"My initial concern about adoption was: Would they be accepted in the rural area that we live in as well as in our families." - Heath
"One of my biggest concerns was the worry that our adopted child would not attach positively to us. I am glad to say that concern has been set aside." - Caleb F
"During that 3 year period that we had Chasity before her bio mom passed away, we maintained a relationship with her bio mom. It was way more complicated than we ever imagined it would be." - Shawn
Did your faith impact your decision to adopt? If so, how?
"Adoption has impacted my faith more than my faith was a factor in my decision to adopt. I believe I would have just as easily come to adoption if I had no faith, but my faith has become more real to me because of adoption. This is something I was not anticipating but am grateful for." - Cory
"We had an inkling that God wanted us to pursue Chasity and so we leaned in real hard to be sure we were hearing correctly." - Shawn"Yes we were called to adopt, of course. My wife prayed for me to want to adopt as well." - Barry"I don’t think my faith drove my decision directly, but it did give me a lot of peace regarding the decisions." - Caleb F"From hearing from adoptive parents, I learned the challenges of adoption versus biological children are often different, but certainly aren’t necessarily more or less. I became convicted that if my spouse or I were feeling that we should possibly adopt, this is possibly God speaking and I should listen." - Barrett"We feel both called and commanded to do something when it comes to orphans. For us, it is adoption." - Caleb B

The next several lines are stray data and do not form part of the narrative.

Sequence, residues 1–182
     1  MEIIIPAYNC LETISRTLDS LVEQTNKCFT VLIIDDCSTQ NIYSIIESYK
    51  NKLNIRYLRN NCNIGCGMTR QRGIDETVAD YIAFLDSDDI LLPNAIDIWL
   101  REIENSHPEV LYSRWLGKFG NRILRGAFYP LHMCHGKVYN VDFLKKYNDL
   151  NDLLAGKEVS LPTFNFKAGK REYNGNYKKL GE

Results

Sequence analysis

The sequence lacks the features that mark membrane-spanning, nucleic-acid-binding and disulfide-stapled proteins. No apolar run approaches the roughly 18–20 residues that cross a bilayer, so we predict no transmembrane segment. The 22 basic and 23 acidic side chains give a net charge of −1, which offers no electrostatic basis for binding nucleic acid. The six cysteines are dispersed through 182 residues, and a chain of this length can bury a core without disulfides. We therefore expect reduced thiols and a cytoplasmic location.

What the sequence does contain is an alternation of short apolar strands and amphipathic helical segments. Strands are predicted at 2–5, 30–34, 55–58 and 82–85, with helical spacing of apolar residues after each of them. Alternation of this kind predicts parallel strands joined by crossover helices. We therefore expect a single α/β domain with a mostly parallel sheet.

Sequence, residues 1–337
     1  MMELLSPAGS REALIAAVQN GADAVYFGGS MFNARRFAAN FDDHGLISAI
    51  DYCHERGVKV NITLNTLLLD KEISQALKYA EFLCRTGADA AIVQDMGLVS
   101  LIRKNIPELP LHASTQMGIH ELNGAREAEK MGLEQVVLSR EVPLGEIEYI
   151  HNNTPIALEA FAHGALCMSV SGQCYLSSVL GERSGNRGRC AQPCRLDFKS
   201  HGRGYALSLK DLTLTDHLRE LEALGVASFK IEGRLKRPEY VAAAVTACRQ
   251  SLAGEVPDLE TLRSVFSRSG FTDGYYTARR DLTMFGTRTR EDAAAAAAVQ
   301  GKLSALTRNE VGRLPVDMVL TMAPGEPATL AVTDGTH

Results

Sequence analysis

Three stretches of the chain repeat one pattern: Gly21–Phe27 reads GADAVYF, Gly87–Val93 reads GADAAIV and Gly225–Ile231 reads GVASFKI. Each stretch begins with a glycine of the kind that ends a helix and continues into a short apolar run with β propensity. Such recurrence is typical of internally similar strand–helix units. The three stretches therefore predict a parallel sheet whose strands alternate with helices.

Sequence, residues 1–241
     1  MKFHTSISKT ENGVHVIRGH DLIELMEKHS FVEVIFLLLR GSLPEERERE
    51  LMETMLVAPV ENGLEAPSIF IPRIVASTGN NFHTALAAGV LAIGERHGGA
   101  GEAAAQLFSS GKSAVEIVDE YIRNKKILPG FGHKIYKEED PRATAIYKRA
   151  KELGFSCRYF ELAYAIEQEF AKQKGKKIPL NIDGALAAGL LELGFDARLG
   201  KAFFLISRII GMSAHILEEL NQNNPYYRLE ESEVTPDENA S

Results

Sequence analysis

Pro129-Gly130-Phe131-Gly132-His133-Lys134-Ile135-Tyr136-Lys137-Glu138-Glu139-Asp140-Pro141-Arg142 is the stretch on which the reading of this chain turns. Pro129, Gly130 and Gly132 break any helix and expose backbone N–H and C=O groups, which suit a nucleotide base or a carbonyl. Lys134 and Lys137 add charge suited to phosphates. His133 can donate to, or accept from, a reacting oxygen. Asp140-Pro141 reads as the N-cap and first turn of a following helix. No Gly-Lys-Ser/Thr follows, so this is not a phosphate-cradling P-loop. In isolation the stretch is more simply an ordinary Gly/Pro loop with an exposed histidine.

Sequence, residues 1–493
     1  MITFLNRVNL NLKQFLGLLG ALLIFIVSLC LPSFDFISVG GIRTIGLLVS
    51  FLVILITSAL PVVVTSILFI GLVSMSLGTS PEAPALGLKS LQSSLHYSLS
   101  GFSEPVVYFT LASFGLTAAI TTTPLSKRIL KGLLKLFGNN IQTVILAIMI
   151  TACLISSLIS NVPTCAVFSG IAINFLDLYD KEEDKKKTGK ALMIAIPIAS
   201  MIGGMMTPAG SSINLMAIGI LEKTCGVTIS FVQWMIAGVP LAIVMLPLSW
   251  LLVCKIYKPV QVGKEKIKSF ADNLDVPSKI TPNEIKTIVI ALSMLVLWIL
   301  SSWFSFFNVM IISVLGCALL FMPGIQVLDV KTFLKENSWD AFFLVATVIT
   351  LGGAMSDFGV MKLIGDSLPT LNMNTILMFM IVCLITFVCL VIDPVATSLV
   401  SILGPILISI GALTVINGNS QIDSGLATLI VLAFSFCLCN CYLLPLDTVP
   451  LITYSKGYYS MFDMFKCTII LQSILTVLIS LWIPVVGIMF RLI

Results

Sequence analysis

"Absolutely, to know that I am adopted by Jesus Christ as his own and to have that model as an example that we live with each day, paved the path for us to follow this example in our own lives. John 14:18 'I will not leave you as orphans; I will come for you'." - Heath
Did your families and church communities support your decision to adopt? In what ways could they have offered more or better support?
(Most of the men said they were supported by at least most of their community, though it wasn't necessarily a clean-cut response. I'm omitting names here for their own protection. Here's what they shared.)
"I think there was a lot of concern on their part, but they never really voiced it."
"My church family and close friends have supported us 100%, however some of my family not so much.""We had a mixed bag.""There have been times we have felt misunderstood in parenting our kids, due to the unique challenges adoption can sometimes bring to the surface.""We had some family members who thought we were ruining the boyhood and future of our bio kids.""What caught us off guard was how their support often showed itself by paying extra attention to our kids, sometimes at the expense of other children."
"Some of the best support we received was from friends who were close to our situation, who said, 'She has improved so much since we last saw her.' Being in the daily grind, we, at times, did not see the progress that was being made."
"We would have desired to see more emotional and financial support from our church community."
"Parenting adopted kids can be stressful at times. It can really throw the family dynamic out of whack. Sometimes we just need a break from our challenging child. Sometimes our other kids needed a breather, too.""Until a person has truly opened their eyes and hearts to what is happening to millions of children in the world and witnessed it firsthand I don’t think they can comprehend on the same level.""Sometimes it feels like the 'adoption excuse' is wearing thin to our family. It seems like the expectation is that we should be further along than we are, or that we're not making more progress because of something we're doing wrong."
I can't thank these men enough for lending their voices to this project.
Stay tuned for part II!